BJ: I chose IT as my degree. At that time, I did not even have a computer, which seems completely incredible today. I knew that the industry was rapidly developing and that this was a job with a future. It was a conscious decision – I would find work, and the wages would be better than in other industries.
Hicron: It is said that the IT industry, particularly SAP, ERPs and business analytics, is a place for men. Is this true?
AR: The IT industry is as good as any other. Today, it is not only a place for men, particularly for women whose logical thinking and communication skills go in hand in hand.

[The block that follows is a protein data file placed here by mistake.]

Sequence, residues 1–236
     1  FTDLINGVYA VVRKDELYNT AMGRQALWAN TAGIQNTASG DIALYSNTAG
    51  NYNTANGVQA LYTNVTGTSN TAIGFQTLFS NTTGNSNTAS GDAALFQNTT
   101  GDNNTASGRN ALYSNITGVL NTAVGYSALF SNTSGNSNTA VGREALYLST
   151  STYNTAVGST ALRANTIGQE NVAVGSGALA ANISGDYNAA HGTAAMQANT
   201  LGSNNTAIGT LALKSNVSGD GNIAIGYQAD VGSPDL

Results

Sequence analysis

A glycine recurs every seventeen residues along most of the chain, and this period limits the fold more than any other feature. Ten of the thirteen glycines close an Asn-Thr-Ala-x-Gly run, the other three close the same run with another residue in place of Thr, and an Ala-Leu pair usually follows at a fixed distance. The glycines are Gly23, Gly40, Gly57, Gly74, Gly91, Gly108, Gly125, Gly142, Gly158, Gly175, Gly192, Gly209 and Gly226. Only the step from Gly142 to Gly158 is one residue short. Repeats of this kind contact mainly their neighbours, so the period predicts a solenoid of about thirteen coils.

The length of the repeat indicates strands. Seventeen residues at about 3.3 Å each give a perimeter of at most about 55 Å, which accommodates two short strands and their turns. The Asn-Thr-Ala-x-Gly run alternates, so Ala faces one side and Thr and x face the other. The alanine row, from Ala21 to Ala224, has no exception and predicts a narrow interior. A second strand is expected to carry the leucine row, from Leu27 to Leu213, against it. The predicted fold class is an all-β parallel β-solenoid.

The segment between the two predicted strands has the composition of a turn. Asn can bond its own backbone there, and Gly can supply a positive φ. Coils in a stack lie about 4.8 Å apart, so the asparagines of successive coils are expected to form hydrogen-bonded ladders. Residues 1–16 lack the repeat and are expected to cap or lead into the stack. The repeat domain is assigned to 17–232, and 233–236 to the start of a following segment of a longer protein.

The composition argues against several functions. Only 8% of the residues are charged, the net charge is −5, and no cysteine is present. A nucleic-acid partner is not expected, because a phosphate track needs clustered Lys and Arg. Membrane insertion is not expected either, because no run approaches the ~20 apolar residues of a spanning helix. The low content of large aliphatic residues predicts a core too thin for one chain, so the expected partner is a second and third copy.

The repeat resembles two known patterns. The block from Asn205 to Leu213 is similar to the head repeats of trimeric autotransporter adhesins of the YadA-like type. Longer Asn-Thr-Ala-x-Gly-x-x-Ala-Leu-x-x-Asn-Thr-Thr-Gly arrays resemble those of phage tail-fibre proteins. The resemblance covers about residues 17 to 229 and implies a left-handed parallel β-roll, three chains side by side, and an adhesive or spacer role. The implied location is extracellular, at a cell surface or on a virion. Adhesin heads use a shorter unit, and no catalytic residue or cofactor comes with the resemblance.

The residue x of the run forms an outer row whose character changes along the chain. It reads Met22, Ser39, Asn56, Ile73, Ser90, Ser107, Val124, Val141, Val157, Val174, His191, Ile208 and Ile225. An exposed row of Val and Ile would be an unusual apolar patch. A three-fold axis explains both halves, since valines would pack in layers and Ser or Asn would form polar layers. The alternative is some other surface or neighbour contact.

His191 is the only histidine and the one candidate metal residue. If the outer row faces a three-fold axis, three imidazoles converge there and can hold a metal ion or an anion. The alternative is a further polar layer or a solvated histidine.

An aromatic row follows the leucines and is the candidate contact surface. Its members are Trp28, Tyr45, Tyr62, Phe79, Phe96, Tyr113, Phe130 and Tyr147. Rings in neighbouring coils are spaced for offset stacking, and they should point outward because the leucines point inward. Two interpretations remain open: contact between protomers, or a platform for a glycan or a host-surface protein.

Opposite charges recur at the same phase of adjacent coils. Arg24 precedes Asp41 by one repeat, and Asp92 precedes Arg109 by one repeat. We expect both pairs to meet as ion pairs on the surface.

MZ: It is true that the IT industry is dominated by men, but I think that the women that choose this job are not in any way less competent than men. On the contrary! Women are exceptionally hardworking, reliable and precise. They also try three times harder to show that they are at least as good as their colleagues.
AF: When I started working at Hicron 6 years ago, I believed it to be a place strictly for men. At the Poznań office, apart from myself, there was one more female consultant (other than the girls in the sales and marketing department). At that time, I believed that this was not my piece of cake. Looking back, I find that this is not quite true. On the one hand, because the number of women in the IT industry is growing. On the other hand, men are simply good working partners. They are demanding, specific but also very helpful and, when the situation requires, they can provide assistance and motivation.